Caleb: Jesus!
Mommy: What did he do?
Caleb: Save us!

I try not to give parenting advice unless I’m asked. But to all the parents out there, this is so worth it. Whether your child is a toddler or a teen. It’s such a treasure. So simple to do. It requires paper and a pencil. (Or an iPhone or tablet if that’s the way you roll.) Unless it’s not your thing, then that’s okay. There are lots of wonderful, meaningful ways to document special moments from your child’s growing years.

But this has definitely been a winner in our house.

What creative ways does your family document stuff to remember it years down the road?

Left Behind: The Grief of a Young Sibling

{Note: We are not experts in this area. This is our story – our only experience to draw from. I believe that the death of a sibling is a unique and devastating event for each family. The cause of death affects grief. The birth order affects grief (was the child the firstborn, youngest, etc). The age of the child that died affects grief (was it a miscarriage, still birth, infant death, young child, etc). The age and personalities of the siblings that are left behind affects grief. There are so many factors that influence the grief journey for siblings. There’s no formula or method to navigate the journey. But these are some of the things that our family has found to be helpful in our particular situation up to this point. So I humbly share them with you. And I welcome your insights and experiences too.}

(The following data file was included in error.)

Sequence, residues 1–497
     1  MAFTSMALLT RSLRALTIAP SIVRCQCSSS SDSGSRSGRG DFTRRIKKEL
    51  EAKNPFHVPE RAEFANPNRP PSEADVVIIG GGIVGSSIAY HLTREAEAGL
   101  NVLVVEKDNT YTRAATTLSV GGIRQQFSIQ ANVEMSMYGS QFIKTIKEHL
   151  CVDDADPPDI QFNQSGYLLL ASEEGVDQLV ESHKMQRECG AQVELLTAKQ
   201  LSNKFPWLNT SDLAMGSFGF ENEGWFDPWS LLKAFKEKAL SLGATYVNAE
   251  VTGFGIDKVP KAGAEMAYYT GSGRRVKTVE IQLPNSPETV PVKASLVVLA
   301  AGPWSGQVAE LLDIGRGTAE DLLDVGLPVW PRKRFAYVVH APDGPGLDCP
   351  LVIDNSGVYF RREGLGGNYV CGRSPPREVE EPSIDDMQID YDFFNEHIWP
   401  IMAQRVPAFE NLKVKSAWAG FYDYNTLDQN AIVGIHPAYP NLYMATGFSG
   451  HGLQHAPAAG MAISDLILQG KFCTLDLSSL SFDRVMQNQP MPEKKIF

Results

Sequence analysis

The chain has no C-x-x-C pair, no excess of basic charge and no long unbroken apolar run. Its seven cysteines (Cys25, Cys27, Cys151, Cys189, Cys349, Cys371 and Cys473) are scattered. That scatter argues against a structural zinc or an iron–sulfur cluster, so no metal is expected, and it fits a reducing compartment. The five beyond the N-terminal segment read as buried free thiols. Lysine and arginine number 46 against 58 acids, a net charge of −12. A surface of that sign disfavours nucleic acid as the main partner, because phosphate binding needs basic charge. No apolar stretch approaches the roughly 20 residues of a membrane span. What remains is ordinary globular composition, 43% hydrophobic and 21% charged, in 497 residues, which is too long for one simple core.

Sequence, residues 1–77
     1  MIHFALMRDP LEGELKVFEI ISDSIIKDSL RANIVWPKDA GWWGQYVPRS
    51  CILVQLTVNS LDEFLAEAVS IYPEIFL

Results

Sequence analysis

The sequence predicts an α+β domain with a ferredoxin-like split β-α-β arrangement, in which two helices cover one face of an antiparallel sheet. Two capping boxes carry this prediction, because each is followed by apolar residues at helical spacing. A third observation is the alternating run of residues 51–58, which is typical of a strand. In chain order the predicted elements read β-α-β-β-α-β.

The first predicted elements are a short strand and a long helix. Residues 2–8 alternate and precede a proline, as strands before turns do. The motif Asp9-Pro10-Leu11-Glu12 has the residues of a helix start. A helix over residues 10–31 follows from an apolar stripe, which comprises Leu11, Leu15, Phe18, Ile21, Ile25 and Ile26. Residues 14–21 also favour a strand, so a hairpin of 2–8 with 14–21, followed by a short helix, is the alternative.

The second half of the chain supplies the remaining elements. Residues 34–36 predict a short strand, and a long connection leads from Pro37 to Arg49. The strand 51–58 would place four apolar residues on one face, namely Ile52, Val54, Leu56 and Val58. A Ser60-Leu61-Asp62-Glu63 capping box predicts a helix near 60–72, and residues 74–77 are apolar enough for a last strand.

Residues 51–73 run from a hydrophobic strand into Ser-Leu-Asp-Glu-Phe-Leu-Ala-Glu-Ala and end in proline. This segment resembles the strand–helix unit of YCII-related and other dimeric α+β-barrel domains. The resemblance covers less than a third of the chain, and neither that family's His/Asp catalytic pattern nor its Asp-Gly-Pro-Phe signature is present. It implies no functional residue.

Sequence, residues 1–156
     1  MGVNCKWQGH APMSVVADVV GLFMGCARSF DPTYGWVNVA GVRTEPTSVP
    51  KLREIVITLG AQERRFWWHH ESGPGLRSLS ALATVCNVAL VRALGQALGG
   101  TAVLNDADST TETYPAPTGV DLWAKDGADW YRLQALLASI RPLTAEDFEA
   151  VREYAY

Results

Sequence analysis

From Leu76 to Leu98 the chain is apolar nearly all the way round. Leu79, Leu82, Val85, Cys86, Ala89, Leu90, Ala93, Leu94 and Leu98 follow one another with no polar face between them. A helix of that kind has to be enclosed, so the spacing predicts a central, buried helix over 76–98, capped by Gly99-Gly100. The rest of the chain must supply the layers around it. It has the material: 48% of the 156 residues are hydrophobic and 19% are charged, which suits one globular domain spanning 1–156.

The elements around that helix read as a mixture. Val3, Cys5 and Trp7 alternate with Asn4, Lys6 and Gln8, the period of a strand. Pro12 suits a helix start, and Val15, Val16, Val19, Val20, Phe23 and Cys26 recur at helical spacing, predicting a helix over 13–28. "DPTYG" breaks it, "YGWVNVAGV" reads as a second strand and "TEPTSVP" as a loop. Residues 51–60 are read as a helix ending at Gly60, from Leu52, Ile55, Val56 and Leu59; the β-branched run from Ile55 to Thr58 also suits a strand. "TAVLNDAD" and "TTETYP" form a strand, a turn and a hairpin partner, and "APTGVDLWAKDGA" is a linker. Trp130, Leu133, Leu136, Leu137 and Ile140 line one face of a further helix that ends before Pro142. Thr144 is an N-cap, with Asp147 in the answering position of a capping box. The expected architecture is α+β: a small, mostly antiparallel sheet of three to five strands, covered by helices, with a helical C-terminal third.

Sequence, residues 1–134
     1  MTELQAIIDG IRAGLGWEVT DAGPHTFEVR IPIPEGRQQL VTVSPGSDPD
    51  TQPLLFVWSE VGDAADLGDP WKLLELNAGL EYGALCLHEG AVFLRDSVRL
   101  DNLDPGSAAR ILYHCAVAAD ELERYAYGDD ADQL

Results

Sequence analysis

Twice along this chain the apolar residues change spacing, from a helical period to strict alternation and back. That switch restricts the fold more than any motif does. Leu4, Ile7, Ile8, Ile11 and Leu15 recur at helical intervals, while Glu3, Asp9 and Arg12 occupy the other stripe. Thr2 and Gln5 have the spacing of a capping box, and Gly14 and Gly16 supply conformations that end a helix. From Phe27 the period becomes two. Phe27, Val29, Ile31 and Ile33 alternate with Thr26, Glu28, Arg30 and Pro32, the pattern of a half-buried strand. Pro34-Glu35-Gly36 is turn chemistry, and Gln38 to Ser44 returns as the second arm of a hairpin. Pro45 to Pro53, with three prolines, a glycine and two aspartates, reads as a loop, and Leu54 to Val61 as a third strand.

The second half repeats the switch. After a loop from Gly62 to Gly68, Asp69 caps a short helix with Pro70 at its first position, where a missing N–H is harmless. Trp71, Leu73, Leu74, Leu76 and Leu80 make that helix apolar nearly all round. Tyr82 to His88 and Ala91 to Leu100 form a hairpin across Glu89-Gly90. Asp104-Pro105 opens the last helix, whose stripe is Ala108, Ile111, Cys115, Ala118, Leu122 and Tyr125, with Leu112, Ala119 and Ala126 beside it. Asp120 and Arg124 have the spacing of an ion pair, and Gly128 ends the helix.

IMG_8676 copy

The three of us were enjoying our nightly family cuddle time a few days ago, when Caleb quietly asked, “Mommy, may I snuggle on your chest like baby Evelyn?”